Yeah, starting almost exclusively with the inmates’ crimes early in the riot was a very clever ploy to avoid prosecuting the state police. I mean when you have 39 gunshot homicides, you go for the fucking case if you’ve got it. And they had it and they pissed it away.
In what way?
Number one, they should’ve gotten a larger staff right off the bat. Meyer does a superb job of blaming the subordinates for the decisions of the superiors not to get enough people to do the job. According to Meyer, the buck stops with the little guys, not the big guys. Meyer is quite critical of Fischer and Simonetti in certain ways, but he never goes to where the buck belongs, which was with Rockefeller and [state attorney general Louis] Lefkowitz. Lefkowitz was the chief prosecutor of the state of New York.
At the time of Meyer’s report, Rockefeller was already vice president. Do you think that affected Meyer’s pursuit of the investigation?
No. Meyer announced right at the beginning of the investigation, much to my amazement, that his life’s ambition was to sit as a judge on New York’s highest court, the Court of Appeals. And if you want to get there, you have a choice between your integrity, which he said meant everything to him, and not rocking the boat too hard in New York state politics by coming out with a report that would say what actually needed saying about the culpability of Rockefeller and Lefkowitz and the politically powerful state police.
As a Democrat, why should Carey have cared about Rockefeller’s reputation at that point?
Well what you’re saying is what I was telling myself when I sent my report on the cover-up to Governor Carey in January ‘75. I can’t say for sure why Carey didn’t grab the ball and run with it in the right direction, but I believe he just didn’t want to rock the boat either at that point. He was in a very difficult position. He was new to the job. I am sure he would have much preferred not to have dealt with the cover-up charges, and he didn’t deal with it until Tom Wicker5 took my cover-up charges seriously. I went to Wicker in March of ‘75 and told him about the cover-up, and he put [investigative reporter M.A.] Myron Farber on the case. And it was April 8, 1975 that the story started in the Times, and it was every day for two weeks, often on the front page. And that is basically, as far as I can see, what forced Carey and Lefkowitz to appoint Meyer.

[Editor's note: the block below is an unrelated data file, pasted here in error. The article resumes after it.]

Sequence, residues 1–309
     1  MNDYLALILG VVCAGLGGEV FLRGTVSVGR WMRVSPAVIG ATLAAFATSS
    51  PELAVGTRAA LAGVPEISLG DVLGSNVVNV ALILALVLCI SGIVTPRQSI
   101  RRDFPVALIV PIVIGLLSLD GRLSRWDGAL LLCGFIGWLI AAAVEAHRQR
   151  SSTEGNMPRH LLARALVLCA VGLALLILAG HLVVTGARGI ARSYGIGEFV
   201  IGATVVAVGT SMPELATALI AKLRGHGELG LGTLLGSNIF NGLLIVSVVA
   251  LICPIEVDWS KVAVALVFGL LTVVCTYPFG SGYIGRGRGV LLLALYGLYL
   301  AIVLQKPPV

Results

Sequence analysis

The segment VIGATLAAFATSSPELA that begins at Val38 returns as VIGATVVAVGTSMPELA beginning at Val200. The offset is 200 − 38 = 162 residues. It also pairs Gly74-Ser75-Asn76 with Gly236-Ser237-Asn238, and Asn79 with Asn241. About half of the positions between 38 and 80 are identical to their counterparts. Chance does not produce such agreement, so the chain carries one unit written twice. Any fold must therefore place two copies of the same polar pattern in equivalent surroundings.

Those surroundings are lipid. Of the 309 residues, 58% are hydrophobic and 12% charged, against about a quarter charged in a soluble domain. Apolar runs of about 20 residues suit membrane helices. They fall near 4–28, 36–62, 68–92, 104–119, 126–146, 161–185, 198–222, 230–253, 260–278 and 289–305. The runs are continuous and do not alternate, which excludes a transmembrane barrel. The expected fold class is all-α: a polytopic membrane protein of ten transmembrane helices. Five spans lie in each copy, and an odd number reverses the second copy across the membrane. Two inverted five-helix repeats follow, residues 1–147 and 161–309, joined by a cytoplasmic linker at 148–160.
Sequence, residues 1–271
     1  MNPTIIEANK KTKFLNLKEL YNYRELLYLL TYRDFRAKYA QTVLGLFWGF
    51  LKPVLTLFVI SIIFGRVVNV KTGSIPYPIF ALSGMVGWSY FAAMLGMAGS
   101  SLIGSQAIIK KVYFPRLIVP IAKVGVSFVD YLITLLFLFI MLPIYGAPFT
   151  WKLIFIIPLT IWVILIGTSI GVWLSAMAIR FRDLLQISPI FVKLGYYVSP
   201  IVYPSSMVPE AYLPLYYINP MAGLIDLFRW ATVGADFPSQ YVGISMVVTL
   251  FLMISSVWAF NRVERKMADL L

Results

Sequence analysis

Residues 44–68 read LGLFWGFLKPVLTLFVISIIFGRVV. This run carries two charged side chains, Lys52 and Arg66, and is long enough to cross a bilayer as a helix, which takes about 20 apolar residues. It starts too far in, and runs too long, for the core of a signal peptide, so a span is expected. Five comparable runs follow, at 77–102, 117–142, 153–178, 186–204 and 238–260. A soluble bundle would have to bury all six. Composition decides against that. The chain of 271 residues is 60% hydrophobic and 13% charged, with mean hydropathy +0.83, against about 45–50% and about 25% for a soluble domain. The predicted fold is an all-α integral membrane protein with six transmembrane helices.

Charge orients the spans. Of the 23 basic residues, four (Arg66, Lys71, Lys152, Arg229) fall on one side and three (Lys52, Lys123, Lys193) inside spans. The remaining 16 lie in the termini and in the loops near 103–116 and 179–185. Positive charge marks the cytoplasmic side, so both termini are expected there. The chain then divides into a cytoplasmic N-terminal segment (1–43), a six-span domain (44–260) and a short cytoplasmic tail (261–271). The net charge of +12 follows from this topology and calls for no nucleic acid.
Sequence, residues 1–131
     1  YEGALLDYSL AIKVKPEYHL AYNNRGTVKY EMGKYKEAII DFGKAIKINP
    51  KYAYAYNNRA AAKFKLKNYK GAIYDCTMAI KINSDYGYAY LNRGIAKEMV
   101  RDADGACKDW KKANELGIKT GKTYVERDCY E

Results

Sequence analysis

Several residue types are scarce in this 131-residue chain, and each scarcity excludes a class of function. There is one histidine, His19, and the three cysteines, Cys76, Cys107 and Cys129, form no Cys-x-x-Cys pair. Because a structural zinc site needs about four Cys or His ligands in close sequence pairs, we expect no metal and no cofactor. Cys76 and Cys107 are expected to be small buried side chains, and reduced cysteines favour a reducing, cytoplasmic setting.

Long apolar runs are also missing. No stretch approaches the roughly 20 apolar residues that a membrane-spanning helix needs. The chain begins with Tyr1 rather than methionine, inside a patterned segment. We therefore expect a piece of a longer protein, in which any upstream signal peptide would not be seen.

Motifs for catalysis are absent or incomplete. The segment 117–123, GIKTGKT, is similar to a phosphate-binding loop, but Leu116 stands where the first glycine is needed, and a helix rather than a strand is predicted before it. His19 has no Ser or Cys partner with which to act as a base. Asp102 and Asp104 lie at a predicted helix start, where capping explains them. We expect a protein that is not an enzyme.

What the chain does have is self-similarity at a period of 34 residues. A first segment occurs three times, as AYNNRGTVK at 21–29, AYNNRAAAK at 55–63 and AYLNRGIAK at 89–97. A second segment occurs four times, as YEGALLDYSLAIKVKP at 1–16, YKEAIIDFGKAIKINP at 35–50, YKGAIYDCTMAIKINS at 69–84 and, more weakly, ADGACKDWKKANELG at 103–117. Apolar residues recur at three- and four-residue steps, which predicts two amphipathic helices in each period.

After the Meyer report, you wrote an op-ed in the Times in which you said that “Attica’s prisoners were sentenced to a prison, not a game preserve. It is never open season on humans.” Later you titled your book, “The Turkey Shoot.” Why?
I called it The Turkey Shoot because during his instructions, before the retaking, Major John Monahan, who was in command of the New York State police at Attica, called his top officers in and told them he did not want this to be a turkey shoot; that he did not want them to be shooting fish in a barrel. And the police went out and disobeyed him. They rioted with their guns. They treated it like a war, like mopping up on Iwo Jima or something like that. There was no need for it. It was wrong and it was unrestrained. At least half the officers did restrain themselves, but a lot of them didn’t and it was, as I say, a riot.
I think a lot of these men who fired, if they’d been in a similar situation by themselves, they would have been more restrained. But there was a fever that caught them. Whatever it was, they fired just wantonly and without cause. I mean the law says if you are a policeman, or anyone else, you cannot shoot at somebody unless you perceive that your own life, or someone else’s life, is in danger of being taken, or that a person is going to suffer grievous bodily harm. And that just wasn’t the case. The first shots that saved the hostages from the [inmate] executioners, that had to be done. After that, there was little or no justification.
How many rounds were fired in the retaking?